From out her shabby rain-coat pocket
The little Jew girl in the train
Produced a dinted silver locket
With pasted in it portraits twain.
“These are my parents, sir” she said;
“Or were, for now I fear they’re dead.
“I know to Belsen they were sent;
I never heard of them again.
So many were like that – they went,
Our woeful quest was all in vain.
I was in London with a friend,
Or I, too, would have shared their end.
“They could have got away, I’m told,
And joined me here in Marylebne,
But Grannie was so sick and old,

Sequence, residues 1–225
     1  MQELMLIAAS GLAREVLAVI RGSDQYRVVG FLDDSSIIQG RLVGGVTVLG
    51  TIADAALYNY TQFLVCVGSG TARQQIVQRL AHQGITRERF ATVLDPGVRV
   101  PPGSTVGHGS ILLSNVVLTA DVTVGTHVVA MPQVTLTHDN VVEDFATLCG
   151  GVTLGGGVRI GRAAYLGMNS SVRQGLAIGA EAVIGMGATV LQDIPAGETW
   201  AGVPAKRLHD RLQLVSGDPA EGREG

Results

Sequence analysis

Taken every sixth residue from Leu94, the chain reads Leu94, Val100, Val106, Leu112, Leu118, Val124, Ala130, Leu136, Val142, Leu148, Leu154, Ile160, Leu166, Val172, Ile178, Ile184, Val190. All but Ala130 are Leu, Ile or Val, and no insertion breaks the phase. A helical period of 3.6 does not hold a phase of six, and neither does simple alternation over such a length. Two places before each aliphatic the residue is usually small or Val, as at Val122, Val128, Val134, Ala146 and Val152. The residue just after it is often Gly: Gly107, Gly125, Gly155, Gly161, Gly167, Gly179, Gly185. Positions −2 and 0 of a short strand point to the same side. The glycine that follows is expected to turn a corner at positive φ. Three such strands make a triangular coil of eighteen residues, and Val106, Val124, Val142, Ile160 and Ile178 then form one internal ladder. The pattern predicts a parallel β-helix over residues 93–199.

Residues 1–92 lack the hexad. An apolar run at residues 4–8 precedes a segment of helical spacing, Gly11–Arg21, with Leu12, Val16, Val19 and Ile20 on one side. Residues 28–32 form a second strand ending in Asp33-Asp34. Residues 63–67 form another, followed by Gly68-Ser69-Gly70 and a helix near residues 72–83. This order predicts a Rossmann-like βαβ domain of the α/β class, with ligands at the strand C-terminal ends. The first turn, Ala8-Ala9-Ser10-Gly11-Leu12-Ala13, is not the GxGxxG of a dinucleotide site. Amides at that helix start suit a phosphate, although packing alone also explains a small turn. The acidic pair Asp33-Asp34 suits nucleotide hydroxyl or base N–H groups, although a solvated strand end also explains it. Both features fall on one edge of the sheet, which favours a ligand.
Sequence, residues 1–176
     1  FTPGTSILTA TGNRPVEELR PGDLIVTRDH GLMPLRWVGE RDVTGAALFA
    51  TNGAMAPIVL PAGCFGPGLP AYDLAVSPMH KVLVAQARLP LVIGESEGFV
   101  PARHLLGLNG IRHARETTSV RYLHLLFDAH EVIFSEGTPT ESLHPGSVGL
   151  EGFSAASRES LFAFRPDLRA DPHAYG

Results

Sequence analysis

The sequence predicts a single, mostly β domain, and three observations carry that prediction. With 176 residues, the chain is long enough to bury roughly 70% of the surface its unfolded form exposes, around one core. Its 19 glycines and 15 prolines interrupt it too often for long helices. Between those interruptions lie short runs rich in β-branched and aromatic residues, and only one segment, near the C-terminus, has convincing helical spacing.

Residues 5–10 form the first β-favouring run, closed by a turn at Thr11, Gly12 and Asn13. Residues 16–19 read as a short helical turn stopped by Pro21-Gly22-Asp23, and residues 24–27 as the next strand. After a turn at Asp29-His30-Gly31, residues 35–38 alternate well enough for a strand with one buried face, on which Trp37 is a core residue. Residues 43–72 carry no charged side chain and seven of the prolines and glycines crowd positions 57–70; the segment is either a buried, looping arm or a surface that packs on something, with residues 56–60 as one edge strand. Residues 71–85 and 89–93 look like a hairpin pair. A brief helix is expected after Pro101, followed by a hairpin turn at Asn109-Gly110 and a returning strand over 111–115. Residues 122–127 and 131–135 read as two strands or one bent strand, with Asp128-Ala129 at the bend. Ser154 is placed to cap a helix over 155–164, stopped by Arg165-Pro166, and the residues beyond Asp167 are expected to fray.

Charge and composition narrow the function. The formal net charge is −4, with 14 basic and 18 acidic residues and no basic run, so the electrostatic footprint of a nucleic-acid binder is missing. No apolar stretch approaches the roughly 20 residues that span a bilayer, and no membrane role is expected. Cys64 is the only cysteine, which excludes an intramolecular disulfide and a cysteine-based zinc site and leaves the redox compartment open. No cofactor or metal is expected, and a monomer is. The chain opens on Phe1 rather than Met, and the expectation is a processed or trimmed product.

They could not leave her there alone.
When they were seized she cried and cried:
Thank God! ‘Twas in her bed she died.
“How did they die? I cannot bear
To think of that – it crazes me.
My mother was so sweet, so fair;
My father handsome as you see. . .
I’m sure no daughter ever had
More lovely parents. . . Yes, it’s sad.
“But for their loss I shall not grieve;
I’ll hug the hope they still survive;
Oh, I must make myself believe
Somehow, somewhere they’re still alive. . . .
“Well, that’s my only souvenir,
A locket stained with many a tear.”